What would the future be if plants evolved above man?
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Imagine a future where plant life, instead of animal life, evolved to dominate the Earth. Plants are illegal. Piper is a Pruner. His job is to destroy the plants and the people that harbor them. But what happens when he, himself, is caught with a plant, the colony’s most deadly threat?
Piper had taken the load of empty canisters to the filling station where he made a rendezvous with Dil, his comrade in the Department. They filled the canisters with poison and were on their way back to the Code Enforcement Division, chatting about nothing in particular, when they ran into a woman, half naked, and irate about the plants in her neighbor’s living quarters.
Weeds were illegal. They were a menace to society and any plant that grew in the colony was deemed a weed by law.
“They’re in there!” Yelled the half-naked woman. “They’re in the house,” she said, pointing to her neighbors living quarters.
Piper adjusted the nozzle in his hand and pointed it at the woman. She turned to run and a supercilious smile jumped across his lips.
He was enraptured by the poison. Its aroma was intoxicating and its power, absolute. The poison was authoritative. No man could argue with it or challenge it, lest he, himself be trampled like a weed. Piper’s eyes narrowed, his heart pounded, filling his body with great excitement and liveliness, then he pulled the trigger.
Poison leaped from the canister and covered the woman from head to toe. She spun around and the liquid stream consumed her, scorching her face and her skin, seeping down her nose and throat, and causing sudden and violent convulsions. She whirled around several times like a spinning top until her body hit the floor with a raucous thud.
Dil picked up the woman’s limp arm and inspected it. “Peasant!” he said, observing no body art except the citizen entitlement that was issued by colony administration. The woman was living in poverty, he thought. No upper-class citizen would be caught without at least seven tattoos.
Dil disappeared through the broken doorway and returned with a metal cylinder that resembled an enclosed tanning bed. The two men picked the woman’s lifeless body from the floor and placed it in the cylinder, which filled with a mixture of water and lye, and heated to 320 degrees Fahrenheit. He touched a red button on the side of the machine and a loud humming sound ensued.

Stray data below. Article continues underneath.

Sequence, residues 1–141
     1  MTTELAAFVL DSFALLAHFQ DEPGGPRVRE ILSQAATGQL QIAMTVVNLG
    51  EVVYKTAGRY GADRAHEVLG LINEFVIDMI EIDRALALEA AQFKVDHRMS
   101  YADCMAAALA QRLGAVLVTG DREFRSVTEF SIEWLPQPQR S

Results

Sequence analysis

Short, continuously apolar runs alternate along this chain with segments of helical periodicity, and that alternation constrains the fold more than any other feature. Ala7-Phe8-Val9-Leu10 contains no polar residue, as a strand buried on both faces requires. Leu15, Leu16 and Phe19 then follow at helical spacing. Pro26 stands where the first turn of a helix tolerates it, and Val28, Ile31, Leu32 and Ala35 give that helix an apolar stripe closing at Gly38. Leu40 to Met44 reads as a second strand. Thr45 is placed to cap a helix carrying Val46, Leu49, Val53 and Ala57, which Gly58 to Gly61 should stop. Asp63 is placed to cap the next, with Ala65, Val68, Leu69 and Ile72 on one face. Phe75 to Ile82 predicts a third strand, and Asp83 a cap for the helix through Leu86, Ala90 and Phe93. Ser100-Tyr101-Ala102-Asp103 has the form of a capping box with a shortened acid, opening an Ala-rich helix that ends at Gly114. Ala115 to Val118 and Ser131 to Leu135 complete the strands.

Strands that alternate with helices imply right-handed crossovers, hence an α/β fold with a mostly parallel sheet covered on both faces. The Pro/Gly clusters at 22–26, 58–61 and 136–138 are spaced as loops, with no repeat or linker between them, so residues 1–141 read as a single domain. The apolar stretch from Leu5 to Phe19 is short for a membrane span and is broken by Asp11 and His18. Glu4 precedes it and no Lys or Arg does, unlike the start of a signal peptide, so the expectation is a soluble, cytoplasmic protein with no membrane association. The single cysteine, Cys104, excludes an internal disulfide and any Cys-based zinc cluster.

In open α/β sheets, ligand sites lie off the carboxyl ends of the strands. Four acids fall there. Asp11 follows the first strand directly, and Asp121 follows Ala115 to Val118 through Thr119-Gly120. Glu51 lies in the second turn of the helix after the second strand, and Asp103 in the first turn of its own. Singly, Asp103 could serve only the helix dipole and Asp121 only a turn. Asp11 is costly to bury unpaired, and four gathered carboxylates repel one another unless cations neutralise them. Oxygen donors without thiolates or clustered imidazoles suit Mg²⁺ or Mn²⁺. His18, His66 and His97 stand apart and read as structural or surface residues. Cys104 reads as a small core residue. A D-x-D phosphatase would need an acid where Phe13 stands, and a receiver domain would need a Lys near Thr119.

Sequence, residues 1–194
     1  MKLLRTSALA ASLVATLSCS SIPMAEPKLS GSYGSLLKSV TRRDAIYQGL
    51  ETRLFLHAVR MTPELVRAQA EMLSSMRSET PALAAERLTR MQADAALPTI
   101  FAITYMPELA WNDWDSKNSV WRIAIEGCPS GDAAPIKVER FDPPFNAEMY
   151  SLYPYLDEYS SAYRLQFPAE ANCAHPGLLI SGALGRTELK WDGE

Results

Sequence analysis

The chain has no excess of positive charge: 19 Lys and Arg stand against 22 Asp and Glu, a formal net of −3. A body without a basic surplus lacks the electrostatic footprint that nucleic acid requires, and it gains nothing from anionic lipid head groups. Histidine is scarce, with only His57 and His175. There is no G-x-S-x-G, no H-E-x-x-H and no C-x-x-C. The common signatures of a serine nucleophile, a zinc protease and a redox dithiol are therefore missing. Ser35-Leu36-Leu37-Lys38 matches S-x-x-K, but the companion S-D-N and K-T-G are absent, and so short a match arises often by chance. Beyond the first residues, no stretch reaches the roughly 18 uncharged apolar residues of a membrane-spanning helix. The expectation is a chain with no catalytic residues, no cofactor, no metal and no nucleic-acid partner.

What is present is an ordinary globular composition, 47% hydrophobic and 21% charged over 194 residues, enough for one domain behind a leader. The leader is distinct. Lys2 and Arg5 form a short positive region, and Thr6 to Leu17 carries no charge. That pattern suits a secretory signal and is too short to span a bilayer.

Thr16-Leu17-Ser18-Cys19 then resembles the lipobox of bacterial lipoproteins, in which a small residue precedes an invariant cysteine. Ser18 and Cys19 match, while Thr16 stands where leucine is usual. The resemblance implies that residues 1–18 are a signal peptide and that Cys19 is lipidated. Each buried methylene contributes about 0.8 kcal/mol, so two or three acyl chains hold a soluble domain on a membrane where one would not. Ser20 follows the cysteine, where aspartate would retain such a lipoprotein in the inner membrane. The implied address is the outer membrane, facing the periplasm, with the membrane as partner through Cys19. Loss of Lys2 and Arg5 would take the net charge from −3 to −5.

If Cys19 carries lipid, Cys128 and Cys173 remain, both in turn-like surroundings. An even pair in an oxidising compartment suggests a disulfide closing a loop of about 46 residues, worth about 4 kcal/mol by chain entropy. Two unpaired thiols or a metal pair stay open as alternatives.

Piper casually made his way through the living quarters, whistling and humming melodically, and spraying, until every room of the house was covered with poison.
Then abruptly, the whistling stopped, when he looked at Dil looking at his tattoos. Dil had one thing on his mind. He was preoccupied and found it difficult to think of anything else, “The herbivore?” Piper asked.
“The vegetarian,” Dil replied.
Piper’s face contorted, “What’s a vegetarian?”
“A person that eats plants,” Dil said.
“Don’t be ridiculous. There’s no such person as a plant eater. It’s a myth,” said Piper. “Anyway, what’s so wrong with that?”
Dil looked at his partner in disgust, “you shouldn’t talk like that,” he said. He pondered the perverse idea of humans eating plants and was repulsed by the thought of it. He pressed the red button on the metal cylinder and checked to ensure the woman’s body had dissolved. He touched a keypad on the side of the machine, which opened a valve, releasing a small quantity of coffee-colored liquid substance that smelled like ammonia. He drained the liquid into a small container and tossed it into a garbage chute.
The Pruners left the house and quarantined it as inhabitable, branding the walls with the standard symbol for poison, the skull and crossbones, for all the world to see.